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PHOTO GALLERY: Panic! At The Disco win over fans with sincere pop theatrics

PHOTO GALLERY: Panic! At The Disco win over fans with sincere pop theatrics

If you knew a band by the eccentric name of Panic! At The Disco in the early 2000s, you would've cast them aside as yet another casualty in the alt-pop boom that made My Chemical Romance, Fall Out Boy, The Used, Jimmy Eat World, rock superstars for adolescents.

Their mastery over lovelorn lyrics and catchy, heartfelt choruses — along with an edgy image that made 15-year-old fringe fans more comfortable with their presence — was, on the surface, the corporate-made rebellion against "manufactured", "shallow" pop music that made the loners feel emboldened and the jocks feel connected.

This was done without revealing to their audiences that they, too, were making pop music that made serious money, in a time when CD ripping became a useful tool and file-sharing was gaining more prominence. It is only in these recent times that the term "pop" has stopped being a vulgar, deal-breaking classification, and Fall Out Boy are now unabashed pop hitmakers selling out arenas.

Panic! At The Disco, throughout their career, have been making pop music. And while their debut album A Fever You Can't Sweat Out is now a classic from that period where emo, pop-punk and mainstream label interests collided, they were quick to move away from that by the time their second album Pretty. Odd. was released, a marriage of 2000s pop and 1960s baroque rock that would make Paul McCartney blush.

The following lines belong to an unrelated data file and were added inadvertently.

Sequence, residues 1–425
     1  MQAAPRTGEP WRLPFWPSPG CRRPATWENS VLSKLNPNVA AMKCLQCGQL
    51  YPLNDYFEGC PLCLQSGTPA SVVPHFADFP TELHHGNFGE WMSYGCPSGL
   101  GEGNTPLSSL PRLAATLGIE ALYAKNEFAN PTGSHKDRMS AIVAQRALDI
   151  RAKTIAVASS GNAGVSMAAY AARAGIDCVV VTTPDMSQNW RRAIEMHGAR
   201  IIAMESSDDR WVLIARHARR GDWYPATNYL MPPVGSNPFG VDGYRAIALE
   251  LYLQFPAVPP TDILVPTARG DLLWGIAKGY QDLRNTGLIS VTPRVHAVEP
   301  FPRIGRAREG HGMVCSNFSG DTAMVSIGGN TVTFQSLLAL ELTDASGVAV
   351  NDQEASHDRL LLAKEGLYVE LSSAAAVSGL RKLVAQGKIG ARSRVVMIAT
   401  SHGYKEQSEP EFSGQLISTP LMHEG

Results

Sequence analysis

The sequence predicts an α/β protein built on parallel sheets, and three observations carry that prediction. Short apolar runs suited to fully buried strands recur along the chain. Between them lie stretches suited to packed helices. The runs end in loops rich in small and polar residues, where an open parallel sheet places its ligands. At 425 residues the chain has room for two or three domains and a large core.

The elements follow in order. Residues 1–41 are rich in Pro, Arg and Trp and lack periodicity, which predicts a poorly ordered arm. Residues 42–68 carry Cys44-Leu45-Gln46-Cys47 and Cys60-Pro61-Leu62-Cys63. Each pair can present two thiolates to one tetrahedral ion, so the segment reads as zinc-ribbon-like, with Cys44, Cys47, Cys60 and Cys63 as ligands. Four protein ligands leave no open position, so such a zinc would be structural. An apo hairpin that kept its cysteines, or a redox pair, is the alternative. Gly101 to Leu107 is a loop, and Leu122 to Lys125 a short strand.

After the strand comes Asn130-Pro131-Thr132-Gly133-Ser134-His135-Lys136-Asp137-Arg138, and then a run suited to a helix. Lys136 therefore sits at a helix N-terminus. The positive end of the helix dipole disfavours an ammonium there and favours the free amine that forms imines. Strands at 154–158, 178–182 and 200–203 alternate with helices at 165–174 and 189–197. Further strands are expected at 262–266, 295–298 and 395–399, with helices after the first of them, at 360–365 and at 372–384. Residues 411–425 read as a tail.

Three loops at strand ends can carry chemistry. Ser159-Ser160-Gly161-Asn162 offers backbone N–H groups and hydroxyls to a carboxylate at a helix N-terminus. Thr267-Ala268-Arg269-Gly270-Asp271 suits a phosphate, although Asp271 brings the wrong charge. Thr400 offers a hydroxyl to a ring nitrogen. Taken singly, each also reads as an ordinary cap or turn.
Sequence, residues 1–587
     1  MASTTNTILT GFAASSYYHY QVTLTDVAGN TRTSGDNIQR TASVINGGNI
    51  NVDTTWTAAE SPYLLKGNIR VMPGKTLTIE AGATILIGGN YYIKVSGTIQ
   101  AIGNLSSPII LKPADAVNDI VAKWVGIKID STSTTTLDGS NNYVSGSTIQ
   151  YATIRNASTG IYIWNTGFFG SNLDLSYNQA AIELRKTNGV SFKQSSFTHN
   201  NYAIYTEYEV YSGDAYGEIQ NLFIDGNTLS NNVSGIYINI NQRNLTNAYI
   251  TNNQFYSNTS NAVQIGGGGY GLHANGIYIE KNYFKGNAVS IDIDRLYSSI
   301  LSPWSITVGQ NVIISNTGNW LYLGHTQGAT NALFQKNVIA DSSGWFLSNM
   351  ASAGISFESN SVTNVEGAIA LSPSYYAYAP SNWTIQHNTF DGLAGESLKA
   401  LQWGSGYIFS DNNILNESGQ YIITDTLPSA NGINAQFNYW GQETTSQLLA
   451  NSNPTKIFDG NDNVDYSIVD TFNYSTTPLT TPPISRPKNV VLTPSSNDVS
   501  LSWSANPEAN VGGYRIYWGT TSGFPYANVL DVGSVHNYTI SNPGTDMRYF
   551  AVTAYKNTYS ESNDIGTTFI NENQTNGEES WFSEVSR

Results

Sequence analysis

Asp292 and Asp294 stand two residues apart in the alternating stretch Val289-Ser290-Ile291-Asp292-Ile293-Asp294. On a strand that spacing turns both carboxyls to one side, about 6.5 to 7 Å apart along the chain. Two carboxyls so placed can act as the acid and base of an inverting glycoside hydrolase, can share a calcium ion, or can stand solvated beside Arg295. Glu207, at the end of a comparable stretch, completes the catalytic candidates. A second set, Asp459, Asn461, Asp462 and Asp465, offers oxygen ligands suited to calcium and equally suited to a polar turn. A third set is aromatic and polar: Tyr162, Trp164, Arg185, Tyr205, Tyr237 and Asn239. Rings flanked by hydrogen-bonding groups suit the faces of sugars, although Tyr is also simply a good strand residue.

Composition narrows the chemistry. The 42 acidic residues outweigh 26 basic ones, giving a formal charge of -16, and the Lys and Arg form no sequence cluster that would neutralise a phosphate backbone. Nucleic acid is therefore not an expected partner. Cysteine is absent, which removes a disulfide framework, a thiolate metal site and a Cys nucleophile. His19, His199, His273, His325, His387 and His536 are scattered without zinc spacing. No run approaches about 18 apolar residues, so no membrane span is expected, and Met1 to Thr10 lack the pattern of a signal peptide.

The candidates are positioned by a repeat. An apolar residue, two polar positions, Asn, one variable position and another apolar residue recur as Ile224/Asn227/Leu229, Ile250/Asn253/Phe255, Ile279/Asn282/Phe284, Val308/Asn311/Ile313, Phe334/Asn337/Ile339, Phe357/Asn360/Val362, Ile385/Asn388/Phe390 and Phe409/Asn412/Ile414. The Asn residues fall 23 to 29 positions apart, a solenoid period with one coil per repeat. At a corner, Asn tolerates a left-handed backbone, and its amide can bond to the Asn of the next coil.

Their next few albums showed further stylistic changes, and as the band has basically turned into the main project of frontman Brandon Urie, they've never been more comfortable in their own skin.

And that showed in their first headlining show here, an almost sold-out affair with 5,500 fans that's a testament to the band's longevity. If you only followed their early albums, it might come across as a surprise that the show was populated with more fans that had just begun primary school when 'I Write Sins Not Tragedies' dominated the radio. 

Alas, as it is, the band's current synthpop-flavoured music has struck a chord with a new generation of fans, and perhaps older fans might've been more shellshocked by the band's new dynamic, especially if they caught the band eight years ago at SingFest — when they still kept together most of their original members, along with a bevy of headbangin' anthems.

But no one can deny Urie's magnetic presence onstage, parading around with the same devil-may-care attitude from the start, and as the setlist was dominated by his last two albums, his choice of covers were a gleaming indicator of his rock star ambitions.

Covering classic anthem hits like Journey's 'Any Way You Want It' and Queen's 'Bohemian Rhapsody', Urie practices his time under the name that was conceived when he was just 17 to see how far he can push the idea of fun, pulsating rock music in a time when dance music takes precedence. 

And, as many local fans could attest, he pushed it to its glitzy, feverish limit that no one, not even the band's hardline early fans, can sweat out.

See how the night turned out with more photos below.


Special thanks to LAMC Productions for the invite.

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